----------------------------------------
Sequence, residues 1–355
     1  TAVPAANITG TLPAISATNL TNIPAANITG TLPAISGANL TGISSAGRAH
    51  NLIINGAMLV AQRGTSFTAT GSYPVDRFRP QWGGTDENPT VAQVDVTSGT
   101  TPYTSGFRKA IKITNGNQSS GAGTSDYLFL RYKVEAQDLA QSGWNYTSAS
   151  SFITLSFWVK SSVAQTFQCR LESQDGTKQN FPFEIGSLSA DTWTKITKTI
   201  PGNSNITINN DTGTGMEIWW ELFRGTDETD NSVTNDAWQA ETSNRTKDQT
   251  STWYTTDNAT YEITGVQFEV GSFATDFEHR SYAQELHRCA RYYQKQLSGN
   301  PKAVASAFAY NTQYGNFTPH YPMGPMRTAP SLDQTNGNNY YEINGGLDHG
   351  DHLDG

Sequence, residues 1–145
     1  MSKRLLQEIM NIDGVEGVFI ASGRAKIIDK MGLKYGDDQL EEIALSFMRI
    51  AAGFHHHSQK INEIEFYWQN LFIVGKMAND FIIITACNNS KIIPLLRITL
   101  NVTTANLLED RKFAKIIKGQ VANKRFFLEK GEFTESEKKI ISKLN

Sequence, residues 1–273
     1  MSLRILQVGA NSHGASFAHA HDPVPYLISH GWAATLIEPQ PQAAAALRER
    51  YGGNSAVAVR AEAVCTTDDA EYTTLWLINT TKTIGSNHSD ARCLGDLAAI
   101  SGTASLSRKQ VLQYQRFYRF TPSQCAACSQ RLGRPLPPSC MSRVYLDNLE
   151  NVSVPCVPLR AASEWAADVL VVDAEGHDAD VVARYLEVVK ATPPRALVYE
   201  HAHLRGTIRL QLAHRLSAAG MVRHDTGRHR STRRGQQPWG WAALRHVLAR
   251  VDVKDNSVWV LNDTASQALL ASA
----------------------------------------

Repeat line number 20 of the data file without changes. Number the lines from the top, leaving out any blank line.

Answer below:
   251  VDVKDNSVWV LNDTASQALL ASA